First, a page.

I am so terribly behind on writing, I don’t even know where to start. I’m terribly behind on many other things in my life as well, and I don’t quite know how to readjust things so that I am accomplishing what I need to do, much less what I want to do.
Aside from that, I’ve been doing a lot of child-care lately. I now have another child I’m providing respite care for, a 7-year-old boy with diagnoses of autism and epilepsy. I’m going to call him Rhythm, because all his stims (both the things he enjoys doing and the things he enjoys watching) are done to a metronome-like beat that’s just a little bit faster than a second (to the best of my estimation). He enjoys videos of escalators, carousels, carnival rides, and children’s songs, and adores both the sound and sight of moving water.
He’s a sweet kid, and has been very patient with me as I slowly learn to understand his communication. He uses a handful of verbal words and two-word phrases, some more intelligible than others. He uses a handful of modified signs– eat, all done, music, potty– and a good deal of pointing, touching, and physically moving my hand to whatever he wants me to do. He has a communication device that allows him to select items from several categories of words, but it’s a bit clumsy to carry around. He can also select the things he wants to view on his iPad, with a bit of hand-stabilization from someone else. He adores when people make exaggerated faces, and will model for me whatever expression he wants me to do next, then giggle and applaud if I get it right.
The first time I visited the family, he curled up next to his Mom on the couch as we talked, and watched his iPad videos, occasionally looking up to eye me suspiciously. Mom and I assured him that I wasn’t a therapist or teacher, and she compared me to several previous care providers he had liked. He appeared unconvinced.
I was, admittedly, very nervous. Despite the fact that I’ve spent a good bit of time around autistic adults, and both my other charges have autism diagnoses, this was the first time I had ever interviewed to provide care for a “classic” autistic child. I caught myself staring at him and wondered if too much eye contact from me came across as threatening. I had trouble reading his facial expressions. His mother assured me that he enjoyed touch, both light and firm, but I still worried about startling him or making him feel crowded by my presence. I’m still struggling not to talk “down” to the kids I work with– whether or not they have disabilities, I find it hard to judge the appropriate level of speech for their age.
I also worried about making a good impression on the family (NT parents older sisters). They are as American as apple pie (as the saying goes), and being in their home was a slight culture shock for me. I’ve never actually spent much time with people like that– just seen them on TV. But not often, because I grew up with very limited TV access, among other oddities for an American household. So I was relieved when they didn’t immediately peg me as too weird for the job. Being able to “pass” for “normal” is a handy skill.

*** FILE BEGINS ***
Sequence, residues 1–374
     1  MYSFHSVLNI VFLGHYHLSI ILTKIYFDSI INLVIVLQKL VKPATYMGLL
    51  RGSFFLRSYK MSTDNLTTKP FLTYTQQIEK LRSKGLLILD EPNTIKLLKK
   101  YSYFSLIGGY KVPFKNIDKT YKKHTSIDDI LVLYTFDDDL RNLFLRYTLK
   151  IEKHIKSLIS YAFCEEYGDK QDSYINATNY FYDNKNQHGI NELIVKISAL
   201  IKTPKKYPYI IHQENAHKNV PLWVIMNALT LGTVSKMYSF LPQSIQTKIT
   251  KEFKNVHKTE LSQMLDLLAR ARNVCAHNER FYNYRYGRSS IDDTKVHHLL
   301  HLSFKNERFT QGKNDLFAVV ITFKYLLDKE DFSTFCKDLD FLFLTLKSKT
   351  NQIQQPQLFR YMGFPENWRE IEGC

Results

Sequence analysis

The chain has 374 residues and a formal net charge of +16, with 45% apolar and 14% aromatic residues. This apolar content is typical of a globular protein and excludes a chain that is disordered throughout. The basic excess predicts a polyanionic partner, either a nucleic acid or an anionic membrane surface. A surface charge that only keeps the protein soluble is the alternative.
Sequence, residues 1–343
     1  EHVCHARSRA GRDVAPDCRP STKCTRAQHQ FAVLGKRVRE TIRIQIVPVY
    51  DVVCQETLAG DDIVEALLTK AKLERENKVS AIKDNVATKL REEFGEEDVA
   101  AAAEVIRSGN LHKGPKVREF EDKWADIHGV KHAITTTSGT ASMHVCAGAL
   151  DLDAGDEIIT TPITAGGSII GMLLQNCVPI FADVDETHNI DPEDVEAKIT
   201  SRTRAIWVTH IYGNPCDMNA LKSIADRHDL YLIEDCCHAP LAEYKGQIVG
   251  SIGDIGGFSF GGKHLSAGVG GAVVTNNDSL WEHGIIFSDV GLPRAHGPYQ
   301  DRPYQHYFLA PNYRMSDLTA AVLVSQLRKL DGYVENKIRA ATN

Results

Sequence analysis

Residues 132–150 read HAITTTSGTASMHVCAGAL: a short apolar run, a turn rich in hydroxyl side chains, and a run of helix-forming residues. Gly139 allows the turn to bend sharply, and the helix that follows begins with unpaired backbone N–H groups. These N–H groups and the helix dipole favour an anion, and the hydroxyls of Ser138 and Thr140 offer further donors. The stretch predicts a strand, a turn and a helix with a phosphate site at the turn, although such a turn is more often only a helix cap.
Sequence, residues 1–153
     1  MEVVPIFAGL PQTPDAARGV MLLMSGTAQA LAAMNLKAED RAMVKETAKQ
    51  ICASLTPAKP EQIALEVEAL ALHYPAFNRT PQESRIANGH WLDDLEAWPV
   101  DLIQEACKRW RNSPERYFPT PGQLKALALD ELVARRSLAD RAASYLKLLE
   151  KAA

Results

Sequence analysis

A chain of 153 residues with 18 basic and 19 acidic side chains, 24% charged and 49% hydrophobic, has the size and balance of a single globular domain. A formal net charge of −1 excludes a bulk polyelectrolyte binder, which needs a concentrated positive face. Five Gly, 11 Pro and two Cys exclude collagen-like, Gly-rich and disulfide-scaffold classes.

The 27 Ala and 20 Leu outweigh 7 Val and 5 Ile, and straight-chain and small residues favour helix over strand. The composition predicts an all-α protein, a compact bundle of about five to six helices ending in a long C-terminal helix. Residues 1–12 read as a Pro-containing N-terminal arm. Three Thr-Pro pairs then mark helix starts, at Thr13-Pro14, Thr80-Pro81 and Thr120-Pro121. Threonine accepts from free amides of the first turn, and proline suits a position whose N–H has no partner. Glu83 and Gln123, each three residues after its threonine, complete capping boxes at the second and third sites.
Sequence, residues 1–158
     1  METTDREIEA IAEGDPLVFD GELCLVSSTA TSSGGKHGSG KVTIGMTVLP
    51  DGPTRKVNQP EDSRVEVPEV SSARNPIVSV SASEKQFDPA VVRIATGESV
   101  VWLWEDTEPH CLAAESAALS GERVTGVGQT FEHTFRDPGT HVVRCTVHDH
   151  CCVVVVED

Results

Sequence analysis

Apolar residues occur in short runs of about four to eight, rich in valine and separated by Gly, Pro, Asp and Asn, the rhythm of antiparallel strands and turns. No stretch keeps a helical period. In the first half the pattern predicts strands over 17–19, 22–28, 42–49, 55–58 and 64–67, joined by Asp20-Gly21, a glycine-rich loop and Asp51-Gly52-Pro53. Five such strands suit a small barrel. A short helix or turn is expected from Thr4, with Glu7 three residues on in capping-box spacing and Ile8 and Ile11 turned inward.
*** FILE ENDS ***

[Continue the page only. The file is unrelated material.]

I was also worried, though, that I wouldn’t be willing to take the job. That the family would ask me to enforce harmful therapies or harsh punishments, or would call their son retarded, or something else I couldn’t tolerate. I’m prepared to work with people I don’t entirely agree with, and in some ways I hope to be assigned to families who I think can learn something from me, if I can manage to suggest the information with sufficient diplomacy.
Rhythm’s mom endeared herself to me by stressing, anxiously, that her boy was smart, even if he didn’t always know how to show it, and that he could probably understand everything being said around him. She’d obviously been taught a lot of the rhetoric I dislike about autism, and used some phrases that probably came from behavioral therapists and so on– but she was also very determined to stand up for her son and focus on his strengths rather than his weaknesses. When she brought up the topic of what she called “frustrating behaviors,” I told her that I believed that frustrating behaviors were generally the result of someone feeling frustrated, and I think I saw her relax.
I couldn’t tell how much Rhythm was paying attention to the conversation. I noticed that he used a sign unfamiliar to me several times while his mother and I spoke– the flat of his hand touching to his mouth (I know very few signs). And then signed it with increasing frequency. Finally, I asked Mom about it, and to her credit, she didn’t flinch. “He’s kissing you goodbye” she told me simply, without embarrassment or apology, then turned to her son and told him I had to stay a little longer. An inauspicious start, perhaps. But I couldn’t blame the kid for disliking the mere idea of me! I knew I had a challenge ahead to prove myself an acceptable companion. And I was ready to take it on.